This place matters

This place matters

Monday, July 26, 2010

Plug it up

Last week I took the first step in a long journey - my quest to read the entire works of Stephen King in order.*
Folks are pretty divided on the subject of Stephen King - lots of folks think he's trashy and low-brow, and those, in my experience, are folks who haven't read him. Lots of folks who have read him think he's just generally not a great writer, and I can respect that. But to those of us who know him and enjoy reading him he's... special. I know, that's a terrible non-committal word, one King himself would likely chide me for using. What I mean by special, though, is that there are some of us who love him, who hang on his every word, some whose lives have been so deeply affected by King's work that it's hard to imagine there are people out there who honestly don't get this, who aren't into it. Yet on the other hand, there's not a King fan out there who can't say that some of his books aren't.. Fan Fiction awful; and that even some of his best novels have scenes that should never have seen the light of day. That's due largely, of course, to the fact that he's roughly the most prolific author on the planet, some stuff is going to flop. And some stuff is going to make it past the editors based on the fact that he's Stephen freaking King.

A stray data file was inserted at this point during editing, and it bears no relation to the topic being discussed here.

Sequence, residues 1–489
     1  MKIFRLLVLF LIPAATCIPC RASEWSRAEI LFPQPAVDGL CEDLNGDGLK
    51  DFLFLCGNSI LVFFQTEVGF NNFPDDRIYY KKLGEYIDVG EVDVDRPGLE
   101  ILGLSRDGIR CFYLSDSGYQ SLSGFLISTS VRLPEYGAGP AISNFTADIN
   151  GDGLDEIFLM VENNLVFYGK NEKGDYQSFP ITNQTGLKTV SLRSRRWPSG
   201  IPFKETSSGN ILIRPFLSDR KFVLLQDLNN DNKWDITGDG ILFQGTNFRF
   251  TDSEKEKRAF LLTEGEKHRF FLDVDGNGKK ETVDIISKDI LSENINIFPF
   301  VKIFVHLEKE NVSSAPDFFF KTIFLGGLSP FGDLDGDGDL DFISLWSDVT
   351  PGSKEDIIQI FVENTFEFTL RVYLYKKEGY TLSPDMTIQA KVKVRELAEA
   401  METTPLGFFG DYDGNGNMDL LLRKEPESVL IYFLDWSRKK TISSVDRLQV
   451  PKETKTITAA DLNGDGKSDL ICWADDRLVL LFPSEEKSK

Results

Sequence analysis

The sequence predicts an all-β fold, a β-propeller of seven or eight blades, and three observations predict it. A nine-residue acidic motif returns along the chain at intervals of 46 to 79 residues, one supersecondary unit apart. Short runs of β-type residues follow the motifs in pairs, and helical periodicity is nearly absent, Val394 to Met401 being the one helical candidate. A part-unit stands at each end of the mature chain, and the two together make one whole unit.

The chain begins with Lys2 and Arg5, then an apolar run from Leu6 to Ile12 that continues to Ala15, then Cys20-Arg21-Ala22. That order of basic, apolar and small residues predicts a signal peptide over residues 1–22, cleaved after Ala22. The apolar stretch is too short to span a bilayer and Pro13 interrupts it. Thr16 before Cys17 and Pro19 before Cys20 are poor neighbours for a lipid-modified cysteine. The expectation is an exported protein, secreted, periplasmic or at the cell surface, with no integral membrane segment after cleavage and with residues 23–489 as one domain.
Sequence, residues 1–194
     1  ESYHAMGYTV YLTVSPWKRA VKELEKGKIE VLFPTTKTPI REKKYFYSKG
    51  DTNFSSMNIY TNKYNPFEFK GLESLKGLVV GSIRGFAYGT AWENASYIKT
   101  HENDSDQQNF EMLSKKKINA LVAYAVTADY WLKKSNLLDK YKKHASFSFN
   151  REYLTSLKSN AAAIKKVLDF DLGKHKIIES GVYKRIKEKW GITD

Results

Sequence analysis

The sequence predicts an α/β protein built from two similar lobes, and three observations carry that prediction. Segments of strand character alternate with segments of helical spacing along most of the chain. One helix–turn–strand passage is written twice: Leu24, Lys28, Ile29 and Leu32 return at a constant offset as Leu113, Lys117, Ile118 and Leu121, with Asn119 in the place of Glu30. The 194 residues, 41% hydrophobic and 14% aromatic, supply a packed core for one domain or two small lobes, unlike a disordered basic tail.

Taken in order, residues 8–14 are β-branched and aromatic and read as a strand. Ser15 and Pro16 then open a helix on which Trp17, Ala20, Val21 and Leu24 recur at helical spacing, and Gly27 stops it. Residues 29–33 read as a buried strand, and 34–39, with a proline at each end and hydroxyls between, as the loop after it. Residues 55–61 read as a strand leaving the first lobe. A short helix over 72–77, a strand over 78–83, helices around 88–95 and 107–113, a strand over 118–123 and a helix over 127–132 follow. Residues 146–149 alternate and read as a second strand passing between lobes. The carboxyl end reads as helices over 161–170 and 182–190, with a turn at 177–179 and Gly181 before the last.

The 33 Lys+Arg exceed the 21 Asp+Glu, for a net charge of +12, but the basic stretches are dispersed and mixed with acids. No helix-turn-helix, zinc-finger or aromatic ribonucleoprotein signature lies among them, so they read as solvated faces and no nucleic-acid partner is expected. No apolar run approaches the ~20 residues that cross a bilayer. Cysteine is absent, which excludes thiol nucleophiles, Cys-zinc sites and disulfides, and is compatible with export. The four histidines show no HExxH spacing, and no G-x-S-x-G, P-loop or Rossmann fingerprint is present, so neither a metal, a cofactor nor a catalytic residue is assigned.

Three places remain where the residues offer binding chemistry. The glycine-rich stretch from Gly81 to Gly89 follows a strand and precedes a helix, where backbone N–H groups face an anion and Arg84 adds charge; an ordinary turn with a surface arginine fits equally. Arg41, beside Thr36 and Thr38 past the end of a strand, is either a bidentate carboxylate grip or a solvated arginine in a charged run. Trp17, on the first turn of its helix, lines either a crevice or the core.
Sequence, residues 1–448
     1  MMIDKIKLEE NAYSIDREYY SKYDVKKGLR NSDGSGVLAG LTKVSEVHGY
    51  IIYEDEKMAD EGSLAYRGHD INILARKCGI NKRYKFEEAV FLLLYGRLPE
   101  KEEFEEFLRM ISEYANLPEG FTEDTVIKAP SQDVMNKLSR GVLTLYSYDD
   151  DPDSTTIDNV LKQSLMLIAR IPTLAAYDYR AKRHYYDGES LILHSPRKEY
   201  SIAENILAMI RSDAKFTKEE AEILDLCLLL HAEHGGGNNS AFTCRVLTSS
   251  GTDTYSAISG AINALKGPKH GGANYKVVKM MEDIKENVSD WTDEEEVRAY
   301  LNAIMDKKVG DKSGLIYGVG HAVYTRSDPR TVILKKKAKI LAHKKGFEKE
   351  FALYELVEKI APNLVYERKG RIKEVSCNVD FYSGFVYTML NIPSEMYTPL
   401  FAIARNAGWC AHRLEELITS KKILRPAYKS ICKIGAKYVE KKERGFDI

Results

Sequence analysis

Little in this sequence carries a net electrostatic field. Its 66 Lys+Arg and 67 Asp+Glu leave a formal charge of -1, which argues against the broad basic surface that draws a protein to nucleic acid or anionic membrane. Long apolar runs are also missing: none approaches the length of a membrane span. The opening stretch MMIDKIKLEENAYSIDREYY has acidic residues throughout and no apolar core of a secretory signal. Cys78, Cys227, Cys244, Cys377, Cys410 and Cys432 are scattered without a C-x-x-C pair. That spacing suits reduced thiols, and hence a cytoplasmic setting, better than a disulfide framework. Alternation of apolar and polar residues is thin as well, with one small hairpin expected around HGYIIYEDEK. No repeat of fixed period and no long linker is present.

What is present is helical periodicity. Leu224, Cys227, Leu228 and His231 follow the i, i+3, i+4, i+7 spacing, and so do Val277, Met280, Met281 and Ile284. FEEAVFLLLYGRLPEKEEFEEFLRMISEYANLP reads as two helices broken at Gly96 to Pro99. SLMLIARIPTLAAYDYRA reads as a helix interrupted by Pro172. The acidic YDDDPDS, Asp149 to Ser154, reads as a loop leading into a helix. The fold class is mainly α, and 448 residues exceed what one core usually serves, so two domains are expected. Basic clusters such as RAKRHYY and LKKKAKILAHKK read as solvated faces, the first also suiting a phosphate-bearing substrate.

There's lots I can write on Stephen King in general, and lots I may already have written and forgotten. Since I've just finished Carrie, though, I'll write about Carrie.
I think I have mentioned before that when King wrote Carrie, he was working in a laundry. The facility in which he worked washed bed linens from the hospital, and he spent many of his days elbow-deep in bloody sheets. So it makes sense that the climactic scene in the book involves great buckets of pigs' blood raining down at a high school dance. 
I have, incidentally, ended up elbow-deep in blood-soaked sheets myself... there was a particularly bloody suicide attempt at the group home where I used to work, and my memories of that night are as vivid as my memories of the morning of 9/11 or the moment I learned my grandmother had died. I wrote about it at the time, but it certainly didn't take the form of a bestselling novel. It sounded a poem written by some high school emo kid.
So the book didn't scare me much at all... that's another funny thing about King. The Stand and Pet Semitary literally had me sleeping with the lights on for weeks (months, in the case of The Stand). 'Salem's Lot and It barely phased me. I'm not sure if that's the sort of thing that varies based on the reader. Any other King fans want to weigh in on this?